Objective: To determine whether disruption of the cleavage site between protease and reverse transcriptase (RT) or the HIV-1 frameshift site could yield trans-dominant negative HIV-1 variants that interfere with wild-type viral replication.
Design: Residues at the cleavage site between the HIV-1 protease and RT coding regions were mutagenized to produce a protease-RT (PR-RT) fusion protein that was expressed in the context of a full-length provirus. The PR-RT cleavage site mutation was also combined with a read-through mutation at the frameshift site in order to overexpress the mutant Gag-Pol polyproteins.
Methods: COS-7 cells were transiently transfected with the mutant constructs to produce viruses harbouring the PR-RT fusion protein. In addition, we performed cotransfection studies in various cell types to analyze the inhibition of wild-type replication by the mutant constructs.
Results: Immunoblot analysis revealed that this novel mutation prevented cleavage between the two proteins and that both existed as a PR-RT fusion protein in each of cellular and viral lysates. While both the protease and RT components of this fusion protein remained functionally active, viruses containing the cleavage site mutation were less infectious in tissue culture than wild-type viruses produced by COS-7 cells. This defect was further pronounced when the cleavage site mutation between protease and RT was overexpressed as a consequence of an additional mutation that interfered with frameshifting. Cotransfection of COS-7 cells with the mutant constructs and wild-type HIV-1 interfered with the replication of the latter and reduced the infectiousness of the virus particles produced.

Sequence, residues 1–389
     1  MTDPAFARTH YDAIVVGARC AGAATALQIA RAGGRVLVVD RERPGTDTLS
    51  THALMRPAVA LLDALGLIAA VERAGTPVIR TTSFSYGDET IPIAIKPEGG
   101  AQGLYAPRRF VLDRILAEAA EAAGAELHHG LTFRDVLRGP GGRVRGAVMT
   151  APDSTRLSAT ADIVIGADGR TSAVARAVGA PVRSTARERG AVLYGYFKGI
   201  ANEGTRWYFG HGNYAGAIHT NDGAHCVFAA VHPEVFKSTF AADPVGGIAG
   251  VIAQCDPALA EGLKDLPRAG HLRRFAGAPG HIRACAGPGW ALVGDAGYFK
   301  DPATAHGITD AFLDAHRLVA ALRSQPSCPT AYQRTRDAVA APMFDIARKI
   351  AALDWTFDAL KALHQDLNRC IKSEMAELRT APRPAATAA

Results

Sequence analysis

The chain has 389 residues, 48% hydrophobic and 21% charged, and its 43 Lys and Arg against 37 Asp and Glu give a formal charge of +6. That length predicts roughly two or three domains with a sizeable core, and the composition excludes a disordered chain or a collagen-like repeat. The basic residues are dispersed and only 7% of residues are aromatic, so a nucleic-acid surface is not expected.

Conclusions: HIV-1 constructs harbouring a cleavage site mutation between protease and RT can probably act as trans-dominant negative mutants to interfere with wild-type viral replication.